Sunday, June 30, 2013

Half Gone or Half to Go?

How does your garden grow?

It has been a interesting year weather and garden wise and life in general. I find it hard to believe this is the last day of June. And not so long ago I was wishing winter would be over. Well, in all honesty it was over very late. A friend of mine said winter was bi-polar. So was spring. And June has been too. We had a killing frost on June 23rd. The temperature dropped to 23 and stayed there more than three hours. Even the hoses were frozen. It is the latest freeze I can remember.

So naturally I was happy to have my poly tunnel but I had stopped double tunneling a couple weeks before. So I lost eggplant and peppers and even freeze burned some of the outer branches of the tomatoes which were under a double layer of plastic and with a light on to keep them warm.

And the dry winter combined with a dry spring and we are now in a very serious drought. One which forecasters seem to think will persist even after the monsoon season. We are just beginning to get widely scattered rains - and hail storms. Nothing seems in moderation. The weather goes from one extreme to the other and within hours. But at least we are not getting triple digit heat waves here in the mountains.

Then there was Mardi Gras's liver problem. I thought she was just getting old and tired. After all this September she will be 14. Her vet suggested a blood test because of her symptoms of disorientation and staggering. And it turned out she had liver issues. She is on Milk thistle and vitamin E and a low protein diet with none of the protein coming from beef. Think your dogs are naturally beef eaters? Sheep and chickens and goats and rodents more likely. So I am now making her dog food, because wasn't it China that shipped all the artificial protein to the US for pet and baby food? And that was poisonous?

So in 2013 I have come to distrust the weather and the pet food manufacturers and all politicians. But the latter is another blog all together.

Tomorrow begins the second half of 2013 and the jury is still out as to whether this yer will pass muster or not. I have thus far won a prize for photography and sold several. And I am back to painting and entering them in shows again. And still getting in. I have finished three of the nine I want to paint before July is over.

Gateway by J. Binford-Bell

It has been six months of changes. Some good and some bad. If I got my wish I would want the last six months of this year to be way better. How about you?

Wednesday, June 26, 2013

It Used to be Easy



I have gone a couple weeks without writing one of my regular that-was-the-week-that-was blogs. It has not been an ordinary couple of weeks. Or couple months for that matter. And this blog is not about the events of the last couple months because they are not my events to tell. But it is about some of the questions raised over that time.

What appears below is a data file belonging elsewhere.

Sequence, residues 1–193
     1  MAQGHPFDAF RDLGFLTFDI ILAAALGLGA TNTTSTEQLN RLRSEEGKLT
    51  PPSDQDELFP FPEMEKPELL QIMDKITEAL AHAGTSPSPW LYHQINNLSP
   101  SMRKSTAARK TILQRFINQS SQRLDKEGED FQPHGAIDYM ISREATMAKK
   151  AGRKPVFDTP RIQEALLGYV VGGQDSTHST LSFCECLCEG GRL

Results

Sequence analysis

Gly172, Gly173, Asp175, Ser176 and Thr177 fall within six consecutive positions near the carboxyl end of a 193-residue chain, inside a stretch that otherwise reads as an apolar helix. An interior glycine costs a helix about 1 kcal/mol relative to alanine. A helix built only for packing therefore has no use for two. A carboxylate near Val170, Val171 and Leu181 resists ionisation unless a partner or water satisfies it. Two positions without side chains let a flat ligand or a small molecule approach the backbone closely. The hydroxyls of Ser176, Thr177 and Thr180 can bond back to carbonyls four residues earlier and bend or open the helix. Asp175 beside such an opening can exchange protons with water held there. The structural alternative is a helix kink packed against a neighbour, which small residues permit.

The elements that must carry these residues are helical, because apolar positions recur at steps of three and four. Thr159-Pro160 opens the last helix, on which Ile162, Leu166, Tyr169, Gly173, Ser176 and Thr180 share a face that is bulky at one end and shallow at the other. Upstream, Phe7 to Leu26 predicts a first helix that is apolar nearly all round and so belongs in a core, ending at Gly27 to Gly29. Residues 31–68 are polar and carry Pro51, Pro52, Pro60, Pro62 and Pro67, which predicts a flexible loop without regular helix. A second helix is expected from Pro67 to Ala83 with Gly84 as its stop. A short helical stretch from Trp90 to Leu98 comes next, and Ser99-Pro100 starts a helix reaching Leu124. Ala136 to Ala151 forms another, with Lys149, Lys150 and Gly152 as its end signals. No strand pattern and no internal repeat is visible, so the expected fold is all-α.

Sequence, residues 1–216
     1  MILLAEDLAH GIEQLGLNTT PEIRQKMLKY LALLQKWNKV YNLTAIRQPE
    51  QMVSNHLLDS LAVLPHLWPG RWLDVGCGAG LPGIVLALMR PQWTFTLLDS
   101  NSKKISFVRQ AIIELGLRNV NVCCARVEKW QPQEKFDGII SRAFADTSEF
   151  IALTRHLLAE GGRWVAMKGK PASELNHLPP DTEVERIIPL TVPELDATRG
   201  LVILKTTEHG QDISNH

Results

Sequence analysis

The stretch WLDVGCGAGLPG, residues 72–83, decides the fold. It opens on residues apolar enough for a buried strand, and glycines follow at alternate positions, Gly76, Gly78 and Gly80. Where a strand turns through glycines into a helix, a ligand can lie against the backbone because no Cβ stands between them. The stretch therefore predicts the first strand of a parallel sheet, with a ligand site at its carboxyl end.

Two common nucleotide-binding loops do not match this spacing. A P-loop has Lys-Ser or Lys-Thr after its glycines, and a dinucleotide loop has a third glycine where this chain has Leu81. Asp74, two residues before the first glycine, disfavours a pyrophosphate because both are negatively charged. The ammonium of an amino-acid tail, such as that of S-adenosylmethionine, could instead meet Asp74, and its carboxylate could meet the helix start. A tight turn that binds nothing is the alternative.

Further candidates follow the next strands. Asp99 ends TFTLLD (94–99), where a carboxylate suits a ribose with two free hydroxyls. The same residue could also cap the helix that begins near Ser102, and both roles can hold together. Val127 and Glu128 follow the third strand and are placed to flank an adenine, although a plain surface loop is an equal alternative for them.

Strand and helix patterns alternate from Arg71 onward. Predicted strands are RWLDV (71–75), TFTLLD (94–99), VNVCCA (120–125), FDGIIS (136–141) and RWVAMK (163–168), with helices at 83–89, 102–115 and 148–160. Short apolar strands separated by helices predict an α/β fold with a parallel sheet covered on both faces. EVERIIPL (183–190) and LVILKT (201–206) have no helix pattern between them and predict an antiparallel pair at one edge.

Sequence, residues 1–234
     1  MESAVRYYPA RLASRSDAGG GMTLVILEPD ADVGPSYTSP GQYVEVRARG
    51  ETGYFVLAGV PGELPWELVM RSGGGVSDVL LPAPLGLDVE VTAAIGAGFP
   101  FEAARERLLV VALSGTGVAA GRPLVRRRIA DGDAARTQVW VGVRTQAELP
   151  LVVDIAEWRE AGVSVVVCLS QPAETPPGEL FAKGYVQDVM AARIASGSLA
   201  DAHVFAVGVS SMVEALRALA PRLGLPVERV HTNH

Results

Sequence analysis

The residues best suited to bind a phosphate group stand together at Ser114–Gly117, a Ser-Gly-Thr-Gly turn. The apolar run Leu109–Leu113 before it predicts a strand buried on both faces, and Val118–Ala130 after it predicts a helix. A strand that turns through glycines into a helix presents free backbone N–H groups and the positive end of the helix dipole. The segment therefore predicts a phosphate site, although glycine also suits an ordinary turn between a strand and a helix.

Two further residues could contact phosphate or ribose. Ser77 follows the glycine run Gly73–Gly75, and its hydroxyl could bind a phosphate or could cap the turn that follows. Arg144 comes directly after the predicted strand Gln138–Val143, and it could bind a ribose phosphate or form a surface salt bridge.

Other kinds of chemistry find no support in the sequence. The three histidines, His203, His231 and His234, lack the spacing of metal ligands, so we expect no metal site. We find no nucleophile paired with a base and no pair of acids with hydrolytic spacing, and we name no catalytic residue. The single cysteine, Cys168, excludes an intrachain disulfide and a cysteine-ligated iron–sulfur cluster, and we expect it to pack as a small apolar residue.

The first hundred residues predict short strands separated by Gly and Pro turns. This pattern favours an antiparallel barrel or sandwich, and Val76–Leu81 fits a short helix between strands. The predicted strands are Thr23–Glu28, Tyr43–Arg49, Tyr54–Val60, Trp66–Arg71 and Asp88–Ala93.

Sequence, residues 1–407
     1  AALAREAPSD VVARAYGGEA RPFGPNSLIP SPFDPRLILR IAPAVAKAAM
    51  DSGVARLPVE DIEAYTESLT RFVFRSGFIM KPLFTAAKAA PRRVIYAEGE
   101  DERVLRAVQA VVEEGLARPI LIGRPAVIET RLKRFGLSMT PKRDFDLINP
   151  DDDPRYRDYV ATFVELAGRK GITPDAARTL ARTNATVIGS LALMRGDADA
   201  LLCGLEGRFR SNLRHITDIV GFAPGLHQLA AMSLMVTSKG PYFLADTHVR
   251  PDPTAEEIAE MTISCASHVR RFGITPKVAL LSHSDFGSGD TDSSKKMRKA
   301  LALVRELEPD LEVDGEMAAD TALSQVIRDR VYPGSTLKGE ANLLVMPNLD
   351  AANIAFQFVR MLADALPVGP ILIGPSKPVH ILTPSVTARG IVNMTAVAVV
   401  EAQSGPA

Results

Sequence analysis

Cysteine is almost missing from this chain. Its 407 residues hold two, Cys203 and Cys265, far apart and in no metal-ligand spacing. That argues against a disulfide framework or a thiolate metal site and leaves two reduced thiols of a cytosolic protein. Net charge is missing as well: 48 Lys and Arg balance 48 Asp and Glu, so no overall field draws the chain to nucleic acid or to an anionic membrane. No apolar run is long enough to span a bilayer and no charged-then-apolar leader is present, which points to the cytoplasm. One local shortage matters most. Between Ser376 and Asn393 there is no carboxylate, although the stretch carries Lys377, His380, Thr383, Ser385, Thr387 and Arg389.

My father used to tell this joke about there were only two things to worry about: Whether you lived or died. And if you lived there was nothing to worry about. And if you died there were only two things . . .

Simpler times. Lately everything seems much more complex. Living is very difficult and expensive especially for those with chronic illnesses or in a relationship or friends of someone with a chronic illness. The American way of dying (or not dying) is very hard and stressful on everyone. And dying is very, very, very expensive and also very complex. Especially if you want to die at home. I once believed hospice was the answer. NOT. Nor is a simple cremation all that simple or cheap anymore. With fewer people dying the funeral homes are making less money so now they are charging for everything including but not limited to the utilities for their offices. They have taken a tip from the hospitals and bar code even the Kleenex boxes.

I think the answer is a long walk into the national forest with no return. Like, we are told, the first Americans (be they white or Indian or French) did. But there are even laws against that. Once in the wild west you could bury your loved ones on your property. That is not true anymore without a lengthy process of obtaining a cemetery permit which requires you have already become a ranch. You can even get fined and thrown in jail if you bury your cat on your land. Nobody tells about the cats and dogs.

Do not want to die? Probably not an option but lots of people delay it with all the new miracle cures for cancer. Let's skip rapidly over that insane cost. You think your generic insurance policy will cover it?  NOT. There are special insurance policies just for Chemo. And you need the deductible in cash before the first of the many diagnostic tests they will run before you begin Chemo. PET scan is about $5000. Oh, and you need to pay for funeral home services in advance: $2300 for no frills cremation.

And if you choose to go that route be prepared to have the balance of your life be about just not dying. And all your friends will be doctors and nurses whose time you pay for.

But it is not just death or not dying that has become complex. Life isn't easy. Try getting a mortgage these days. Think the information age has made that easier? NOT. Or lower interest rates make it cheaper. NOT. Banks have found tons of things you have to pay for up front. And the loan origination fee is to cover everything they will ask you to do or provide.